There are 8 billion people in the world, and there will be almost 10 billion people by 2050. That means food production will need to increase by 25% (approximately 1 billion metric tons) in the next 30 years.
There simply isn't enough space to do this on land. So, we need to turn our attention to the oceans. Nobody lives on three quarters of the earth, and only a small portion of the oceans are farmed. The oceans are the logical solution to the looming food crisis.
What Is the Future of Food?
Nobody knows for certain what the future of food is, but we can make educated guesses.
This is my 20,000-foot view on the future of food. Everyone knows we cannot continue on our current trajectory, so logically the way food is produced will change.
We will see more food being produced in factories, which some people will dislike, and other will accept. As a result, we will see a split between natural food eaters and people who eat factory-produced food.
But, regardless of where the food is produced, I believe we will mainly become plant-based eaters. However, the world won't turn vegetarian overnight, and meat and fish definitely won't disappear.
The way we package food will also change. We will use more biodegradable materials, like paper, bamboo, and cork, and less plastic. You only have to walk into your local supermarket to see that this change has already begun.
We will also become more innovative with food packaging to reduce damage and prolong freshness, which will both reduce waste. With a fast-growing population, we cannot afford to waste tonnes of food.
What is the Future of Food Production?
The future of food production is as uncertain as the future of food. It's also a vast topic, so let's focus in on the future of seafood production.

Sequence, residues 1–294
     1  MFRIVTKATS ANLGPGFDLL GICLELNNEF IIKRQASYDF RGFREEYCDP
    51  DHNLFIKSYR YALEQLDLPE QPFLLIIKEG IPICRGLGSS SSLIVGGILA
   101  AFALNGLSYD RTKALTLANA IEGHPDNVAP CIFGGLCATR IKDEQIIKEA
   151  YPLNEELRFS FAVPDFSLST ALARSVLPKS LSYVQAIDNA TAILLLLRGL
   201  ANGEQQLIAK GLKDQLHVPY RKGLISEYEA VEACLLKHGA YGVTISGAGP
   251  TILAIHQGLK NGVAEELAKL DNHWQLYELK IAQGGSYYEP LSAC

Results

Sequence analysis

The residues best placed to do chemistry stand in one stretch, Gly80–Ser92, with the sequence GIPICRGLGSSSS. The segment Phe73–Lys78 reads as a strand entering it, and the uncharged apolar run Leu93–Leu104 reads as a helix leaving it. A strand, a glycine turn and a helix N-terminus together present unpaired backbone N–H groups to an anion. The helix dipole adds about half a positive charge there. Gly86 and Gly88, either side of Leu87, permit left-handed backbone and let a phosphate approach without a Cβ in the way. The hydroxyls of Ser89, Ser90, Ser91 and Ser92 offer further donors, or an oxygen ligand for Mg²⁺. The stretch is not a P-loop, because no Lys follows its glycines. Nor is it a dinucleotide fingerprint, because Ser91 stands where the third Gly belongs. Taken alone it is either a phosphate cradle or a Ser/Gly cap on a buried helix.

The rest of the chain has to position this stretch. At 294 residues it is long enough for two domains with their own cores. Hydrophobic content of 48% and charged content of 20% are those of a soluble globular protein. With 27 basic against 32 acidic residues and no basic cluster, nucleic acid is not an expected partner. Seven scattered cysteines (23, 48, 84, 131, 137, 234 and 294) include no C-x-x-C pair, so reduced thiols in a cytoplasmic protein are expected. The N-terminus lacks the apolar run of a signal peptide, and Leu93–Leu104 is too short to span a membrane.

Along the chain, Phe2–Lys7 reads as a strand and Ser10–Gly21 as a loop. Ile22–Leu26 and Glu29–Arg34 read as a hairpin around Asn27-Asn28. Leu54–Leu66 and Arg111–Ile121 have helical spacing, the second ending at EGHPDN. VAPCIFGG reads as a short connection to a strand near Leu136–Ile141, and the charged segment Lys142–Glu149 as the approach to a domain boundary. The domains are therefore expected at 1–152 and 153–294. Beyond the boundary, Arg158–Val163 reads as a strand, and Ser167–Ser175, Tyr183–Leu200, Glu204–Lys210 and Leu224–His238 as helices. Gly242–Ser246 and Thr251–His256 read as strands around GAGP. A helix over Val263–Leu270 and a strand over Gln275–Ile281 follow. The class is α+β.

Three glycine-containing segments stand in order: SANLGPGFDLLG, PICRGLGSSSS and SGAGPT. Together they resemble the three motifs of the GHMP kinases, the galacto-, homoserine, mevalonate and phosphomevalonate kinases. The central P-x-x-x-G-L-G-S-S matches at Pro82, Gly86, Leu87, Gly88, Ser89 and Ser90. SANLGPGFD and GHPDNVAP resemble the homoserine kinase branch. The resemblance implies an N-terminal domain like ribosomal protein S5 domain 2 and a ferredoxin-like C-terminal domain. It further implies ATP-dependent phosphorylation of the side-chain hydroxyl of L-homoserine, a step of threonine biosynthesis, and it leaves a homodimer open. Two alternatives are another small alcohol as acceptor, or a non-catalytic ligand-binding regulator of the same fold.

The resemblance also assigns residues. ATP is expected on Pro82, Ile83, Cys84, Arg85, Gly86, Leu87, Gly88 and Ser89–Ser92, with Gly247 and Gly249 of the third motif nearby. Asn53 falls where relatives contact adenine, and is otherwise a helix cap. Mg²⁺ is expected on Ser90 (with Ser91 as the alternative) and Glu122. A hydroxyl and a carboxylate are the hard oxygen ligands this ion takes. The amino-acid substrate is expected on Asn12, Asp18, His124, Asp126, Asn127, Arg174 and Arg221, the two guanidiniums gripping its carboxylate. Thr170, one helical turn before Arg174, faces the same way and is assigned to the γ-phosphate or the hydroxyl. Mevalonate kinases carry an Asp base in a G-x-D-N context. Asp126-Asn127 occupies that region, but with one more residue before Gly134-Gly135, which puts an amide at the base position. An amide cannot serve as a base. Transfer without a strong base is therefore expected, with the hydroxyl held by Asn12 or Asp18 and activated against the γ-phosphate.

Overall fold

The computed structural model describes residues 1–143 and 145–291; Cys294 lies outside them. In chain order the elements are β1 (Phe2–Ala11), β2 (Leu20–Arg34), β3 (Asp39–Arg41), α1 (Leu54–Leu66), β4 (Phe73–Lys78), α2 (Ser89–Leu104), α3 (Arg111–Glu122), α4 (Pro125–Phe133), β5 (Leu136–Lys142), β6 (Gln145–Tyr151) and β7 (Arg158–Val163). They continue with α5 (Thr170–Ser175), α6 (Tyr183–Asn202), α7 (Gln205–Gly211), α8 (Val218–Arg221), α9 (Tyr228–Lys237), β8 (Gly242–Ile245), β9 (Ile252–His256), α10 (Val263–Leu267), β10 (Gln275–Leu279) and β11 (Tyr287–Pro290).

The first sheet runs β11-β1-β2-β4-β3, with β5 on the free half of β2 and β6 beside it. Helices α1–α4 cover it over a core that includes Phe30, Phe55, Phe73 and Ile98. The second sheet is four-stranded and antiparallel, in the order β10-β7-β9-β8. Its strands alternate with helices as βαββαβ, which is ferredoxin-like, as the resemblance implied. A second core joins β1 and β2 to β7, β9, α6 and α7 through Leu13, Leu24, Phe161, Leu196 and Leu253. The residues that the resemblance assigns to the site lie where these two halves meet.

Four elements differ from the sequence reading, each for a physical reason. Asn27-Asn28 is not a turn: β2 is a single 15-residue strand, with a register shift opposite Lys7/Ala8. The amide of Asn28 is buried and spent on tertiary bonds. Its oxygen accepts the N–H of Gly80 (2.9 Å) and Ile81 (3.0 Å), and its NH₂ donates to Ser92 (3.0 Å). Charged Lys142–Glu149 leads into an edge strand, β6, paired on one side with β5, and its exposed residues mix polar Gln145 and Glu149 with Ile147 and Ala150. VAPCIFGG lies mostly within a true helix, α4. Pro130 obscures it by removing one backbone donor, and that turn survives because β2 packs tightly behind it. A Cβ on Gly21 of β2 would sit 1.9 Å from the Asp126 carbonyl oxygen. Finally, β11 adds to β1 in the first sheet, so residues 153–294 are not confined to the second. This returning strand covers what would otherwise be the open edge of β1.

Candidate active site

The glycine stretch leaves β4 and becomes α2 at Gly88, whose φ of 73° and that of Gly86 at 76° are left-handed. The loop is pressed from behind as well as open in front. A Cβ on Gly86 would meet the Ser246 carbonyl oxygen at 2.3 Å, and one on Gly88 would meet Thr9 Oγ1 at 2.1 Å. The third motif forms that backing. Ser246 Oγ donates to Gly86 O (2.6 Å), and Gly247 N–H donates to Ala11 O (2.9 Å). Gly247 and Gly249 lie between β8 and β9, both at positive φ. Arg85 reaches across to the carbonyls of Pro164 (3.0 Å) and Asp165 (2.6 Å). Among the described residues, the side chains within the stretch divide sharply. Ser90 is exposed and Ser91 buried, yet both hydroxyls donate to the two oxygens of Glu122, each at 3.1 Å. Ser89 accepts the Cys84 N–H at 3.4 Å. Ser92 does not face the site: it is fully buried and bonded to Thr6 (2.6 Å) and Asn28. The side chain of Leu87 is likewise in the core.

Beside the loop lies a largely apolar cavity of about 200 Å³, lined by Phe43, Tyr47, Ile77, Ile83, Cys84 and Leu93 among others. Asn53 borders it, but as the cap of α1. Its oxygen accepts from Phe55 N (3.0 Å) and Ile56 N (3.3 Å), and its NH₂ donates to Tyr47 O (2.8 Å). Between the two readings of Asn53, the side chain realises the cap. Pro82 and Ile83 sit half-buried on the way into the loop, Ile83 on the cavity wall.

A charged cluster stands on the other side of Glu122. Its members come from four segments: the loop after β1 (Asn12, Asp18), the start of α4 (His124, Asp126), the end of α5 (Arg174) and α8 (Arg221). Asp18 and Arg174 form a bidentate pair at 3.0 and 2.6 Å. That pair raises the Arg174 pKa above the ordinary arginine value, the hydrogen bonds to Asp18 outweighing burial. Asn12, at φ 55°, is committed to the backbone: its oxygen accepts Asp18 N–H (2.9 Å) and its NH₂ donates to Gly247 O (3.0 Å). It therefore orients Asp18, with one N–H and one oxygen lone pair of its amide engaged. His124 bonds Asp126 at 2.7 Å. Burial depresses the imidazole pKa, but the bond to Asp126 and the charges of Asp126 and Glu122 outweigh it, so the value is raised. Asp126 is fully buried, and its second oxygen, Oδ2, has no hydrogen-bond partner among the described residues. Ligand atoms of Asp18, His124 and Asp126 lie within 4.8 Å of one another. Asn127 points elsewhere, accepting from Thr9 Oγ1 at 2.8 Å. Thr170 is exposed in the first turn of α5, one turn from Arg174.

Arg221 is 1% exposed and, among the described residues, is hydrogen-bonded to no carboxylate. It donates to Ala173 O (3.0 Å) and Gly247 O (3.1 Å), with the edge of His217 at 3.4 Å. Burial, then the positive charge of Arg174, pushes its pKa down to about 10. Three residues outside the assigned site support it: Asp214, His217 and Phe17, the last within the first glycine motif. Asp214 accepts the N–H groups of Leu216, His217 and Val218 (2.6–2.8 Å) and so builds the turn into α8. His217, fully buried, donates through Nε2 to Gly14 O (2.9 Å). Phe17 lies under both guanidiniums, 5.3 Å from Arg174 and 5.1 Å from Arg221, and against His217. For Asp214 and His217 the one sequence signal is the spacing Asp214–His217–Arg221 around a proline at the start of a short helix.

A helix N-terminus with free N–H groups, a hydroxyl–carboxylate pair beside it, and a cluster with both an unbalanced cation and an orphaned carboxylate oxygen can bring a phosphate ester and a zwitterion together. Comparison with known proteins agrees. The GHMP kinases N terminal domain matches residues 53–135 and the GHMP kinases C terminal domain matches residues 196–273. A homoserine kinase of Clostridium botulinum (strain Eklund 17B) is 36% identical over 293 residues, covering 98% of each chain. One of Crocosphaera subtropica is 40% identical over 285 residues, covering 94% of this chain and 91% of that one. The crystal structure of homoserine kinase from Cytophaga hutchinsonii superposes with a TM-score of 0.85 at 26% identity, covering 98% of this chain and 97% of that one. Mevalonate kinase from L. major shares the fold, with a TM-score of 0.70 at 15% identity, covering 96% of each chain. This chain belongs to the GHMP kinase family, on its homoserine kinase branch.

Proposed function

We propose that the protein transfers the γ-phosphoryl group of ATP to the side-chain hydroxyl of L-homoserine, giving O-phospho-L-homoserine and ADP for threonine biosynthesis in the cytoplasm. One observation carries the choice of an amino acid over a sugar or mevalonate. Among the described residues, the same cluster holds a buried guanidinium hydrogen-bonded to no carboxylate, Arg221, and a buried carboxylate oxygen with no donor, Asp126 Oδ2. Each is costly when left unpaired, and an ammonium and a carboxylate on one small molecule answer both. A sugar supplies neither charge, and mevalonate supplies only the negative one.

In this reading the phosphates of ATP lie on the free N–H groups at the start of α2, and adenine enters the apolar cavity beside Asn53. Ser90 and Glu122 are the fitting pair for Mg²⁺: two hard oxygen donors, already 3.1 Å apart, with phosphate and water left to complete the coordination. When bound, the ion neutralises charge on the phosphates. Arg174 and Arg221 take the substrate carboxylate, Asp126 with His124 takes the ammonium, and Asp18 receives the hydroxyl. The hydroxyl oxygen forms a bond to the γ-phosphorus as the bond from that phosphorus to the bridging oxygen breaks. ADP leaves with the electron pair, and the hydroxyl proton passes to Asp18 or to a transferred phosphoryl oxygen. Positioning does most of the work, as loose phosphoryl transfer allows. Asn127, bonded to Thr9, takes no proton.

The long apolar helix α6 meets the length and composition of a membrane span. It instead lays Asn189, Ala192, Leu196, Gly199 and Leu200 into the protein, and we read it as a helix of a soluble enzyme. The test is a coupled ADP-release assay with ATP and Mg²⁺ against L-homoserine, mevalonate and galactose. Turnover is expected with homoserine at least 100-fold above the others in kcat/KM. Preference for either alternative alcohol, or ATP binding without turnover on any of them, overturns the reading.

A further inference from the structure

There are a huge number of people who will want naturally produced food, which used to mean anything not produced in a factory. However, pollution has caused a shift in what people mean when they say natural. Natural now means "without pollution," something that is unfortunately impossible in the open ocean.
And that's where land-based aquaculture and certain costal aquaculture facilities will step in. Fish bred here are protected from micro-plastics, heavy metals, and most diseases. They reliably produce disease-free clean protein, which will be essential in the coming years.
But, to allow coastal aquaculture facilities to protect fish from pathogens and pollutions, the technology will need to become much more sophisticated. The only way that will happen is if we can create closed systems in the ocean.
What Is the Future of Food Distribution?
Unlike food consumption and production, the future of food distribution is fairly clear cut.
It is going to become much more common for food to be produced next to the market who will eat it. And this shift won’t as challenging as it might seem.
For example, there is nothing preventing a cow farmer from growing tropical shrimp in their shed if they have the capital to buy the initial equipment. And wouldn't it just be amazing if people living in-land could get their seafood from down the road rather than from hundreds of miles away?